Aside from the technical aspects of the project, there were a total of 110 rolls of microfilm that had to be shipped off to Riverside. Esquevin said, “There is one person who did a lot of the physical work on the project and that was Quinci Raczkowski. She is a library assistant and still on our staff. She boxed the microfilm up, sent it off and estimated the average number of pages on each reel.”

Our city and its newspapers hold a certain fascination for people according to Esquevin. “Coronado is always a popular subject for various facets. Obituaries are one, along with people researching houses which belonged to their parents or their grandparents. Also people want to find basic articles about different time periods; articles about people who no longer live here, but grew up here; and businesses or restaurants they used to patronize. And there is the connection to local celebrities like L. Frank Baum (author of 14 full-length “Wizard of Oz” books); as well as international or local events. And then there is the high school, sports and activities. Now you can do the research from home. We get requests for information from all over the country and now we can say, ‘look on our website.’ There is a link on the Coronado Library website to the CNDC.” Another way to find the website is to go to the search engine of your choice and enter ‘California Digital Newspaper Collection.’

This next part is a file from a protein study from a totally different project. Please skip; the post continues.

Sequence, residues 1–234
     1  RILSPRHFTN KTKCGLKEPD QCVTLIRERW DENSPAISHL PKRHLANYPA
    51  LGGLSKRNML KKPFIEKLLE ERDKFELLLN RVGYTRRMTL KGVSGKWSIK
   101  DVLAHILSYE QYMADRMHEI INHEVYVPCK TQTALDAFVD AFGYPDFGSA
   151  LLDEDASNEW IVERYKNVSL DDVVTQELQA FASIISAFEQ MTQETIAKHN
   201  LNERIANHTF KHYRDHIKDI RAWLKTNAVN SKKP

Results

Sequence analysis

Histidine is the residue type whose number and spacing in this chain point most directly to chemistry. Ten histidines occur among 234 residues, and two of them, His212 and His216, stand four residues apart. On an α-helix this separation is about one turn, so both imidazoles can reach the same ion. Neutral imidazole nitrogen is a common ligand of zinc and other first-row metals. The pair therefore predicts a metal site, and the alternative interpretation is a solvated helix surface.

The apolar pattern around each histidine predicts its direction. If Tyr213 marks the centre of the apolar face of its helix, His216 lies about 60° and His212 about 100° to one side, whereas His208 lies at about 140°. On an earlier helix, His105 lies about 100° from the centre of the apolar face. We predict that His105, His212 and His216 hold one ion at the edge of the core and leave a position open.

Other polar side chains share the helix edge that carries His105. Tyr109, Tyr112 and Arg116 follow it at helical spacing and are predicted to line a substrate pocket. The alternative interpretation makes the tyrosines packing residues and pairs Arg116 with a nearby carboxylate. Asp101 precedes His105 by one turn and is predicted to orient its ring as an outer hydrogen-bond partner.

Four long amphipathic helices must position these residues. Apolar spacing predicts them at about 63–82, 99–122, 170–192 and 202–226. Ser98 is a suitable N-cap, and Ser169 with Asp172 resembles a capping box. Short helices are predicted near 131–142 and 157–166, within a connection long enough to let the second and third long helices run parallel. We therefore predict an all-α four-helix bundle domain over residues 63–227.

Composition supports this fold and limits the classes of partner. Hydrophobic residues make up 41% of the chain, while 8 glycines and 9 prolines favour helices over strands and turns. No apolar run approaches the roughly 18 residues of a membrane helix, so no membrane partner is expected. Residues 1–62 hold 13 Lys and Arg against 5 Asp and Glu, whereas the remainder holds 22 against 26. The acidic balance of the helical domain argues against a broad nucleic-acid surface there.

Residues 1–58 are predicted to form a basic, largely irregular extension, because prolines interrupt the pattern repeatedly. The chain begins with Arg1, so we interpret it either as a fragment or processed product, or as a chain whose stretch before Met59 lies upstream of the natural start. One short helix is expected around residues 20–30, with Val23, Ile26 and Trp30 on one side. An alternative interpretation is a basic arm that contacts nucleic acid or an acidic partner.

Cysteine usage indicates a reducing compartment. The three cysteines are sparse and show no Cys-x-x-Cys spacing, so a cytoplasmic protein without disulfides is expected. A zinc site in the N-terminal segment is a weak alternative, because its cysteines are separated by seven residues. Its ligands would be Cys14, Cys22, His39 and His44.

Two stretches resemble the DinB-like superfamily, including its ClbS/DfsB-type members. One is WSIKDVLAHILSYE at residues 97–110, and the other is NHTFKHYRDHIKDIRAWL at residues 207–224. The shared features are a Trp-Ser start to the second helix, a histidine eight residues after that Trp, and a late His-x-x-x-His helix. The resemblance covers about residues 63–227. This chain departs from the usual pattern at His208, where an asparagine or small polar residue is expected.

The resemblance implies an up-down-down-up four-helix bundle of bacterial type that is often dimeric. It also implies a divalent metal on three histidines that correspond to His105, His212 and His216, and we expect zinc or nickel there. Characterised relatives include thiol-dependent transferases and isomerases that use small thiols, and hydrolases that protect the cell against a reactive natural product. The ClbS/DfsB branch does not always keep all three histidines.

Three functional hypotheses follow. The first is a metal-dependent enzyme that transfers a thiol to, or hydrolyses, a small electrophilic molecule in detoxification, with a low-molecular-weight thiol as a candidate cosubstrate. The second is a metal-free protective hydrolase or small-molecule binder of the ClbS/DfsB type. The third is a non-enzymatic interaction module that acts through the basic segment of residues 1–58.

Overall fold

Esquevin has spent time with the back issues of Coronado newspapers and he reflected on some of the more humorous elements he found. “It’s always fun to see the things that were important back in the day, the city regulations and what was covered by the city council. You see that reflected in the way the regulations were announced and how that was covered in the news. Some things never change, but some things thankfully aren’t operational at those levels anymore. One of the things that was interesting and now makes sense in hindsight is the location of where the library was built in 1909. It used to be right next to the Hotel Del, partially because Babcock and Spreckles gave rent-free space to the library and put it by the trolley stop. In 1909 the discussion was that if you put the library near the Del you were serving the people with money and if you built it over by First, Second or Third Streets, you were serving the poor part of town. So they ended up putting the library here in the middle of town on land that Spreckles owned anyway.”

As we concluded our interview, Esquevin reflected on having Coronado newspapers, published over a span covering nearly 130 years, at your fingertips. “The thing is we are able to offer the newspapers to anybody, wherever they are in the world. We have gone from being horse and buggy into being a jet. So much is available on the web now days, but a lot of research into Coronado’s history was locked into resources that were stubborn to get to.”